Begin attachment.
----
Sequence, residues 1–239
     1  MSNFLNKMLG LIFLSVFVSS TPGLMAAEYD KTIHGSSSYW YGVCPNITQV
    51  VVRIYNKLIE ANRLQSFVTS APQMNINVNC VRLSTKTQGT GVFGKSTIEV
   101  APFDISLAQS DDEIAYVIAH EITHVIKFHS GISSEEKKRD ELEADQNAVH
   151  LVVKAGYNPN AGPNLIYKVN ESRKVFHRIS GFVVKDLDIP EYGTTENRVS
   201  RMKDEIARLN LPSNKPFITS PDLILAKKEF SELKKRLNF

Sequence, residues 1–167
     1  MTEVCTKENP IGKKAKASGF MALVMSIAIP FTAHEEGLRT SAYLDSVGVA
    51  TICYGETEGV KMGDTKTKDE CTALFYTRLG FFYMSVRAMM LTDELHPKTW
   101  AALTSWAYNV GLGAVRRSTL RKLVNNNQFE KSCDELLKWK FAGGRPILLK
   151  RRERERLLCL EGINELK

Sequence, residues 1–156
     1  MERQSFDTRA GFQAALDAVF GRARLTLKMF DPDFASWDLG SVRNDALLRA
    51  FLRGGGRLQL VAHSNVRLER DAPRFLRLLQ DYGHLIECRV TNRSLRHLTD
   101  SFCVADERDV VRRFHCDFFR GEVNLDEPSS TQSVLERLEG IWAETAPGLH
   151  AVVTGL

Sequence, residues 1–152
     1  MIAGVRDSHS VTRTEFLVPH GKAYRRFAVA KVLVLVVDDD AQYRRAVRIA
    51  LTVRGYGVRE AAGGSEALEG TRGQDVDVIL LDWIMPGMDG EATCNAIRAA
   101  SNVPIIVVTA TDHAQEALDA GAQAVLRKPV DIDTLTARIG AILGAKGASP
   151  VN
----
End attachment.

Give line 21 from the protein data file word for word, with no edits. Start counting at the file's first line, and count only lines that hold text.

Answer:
   151  VN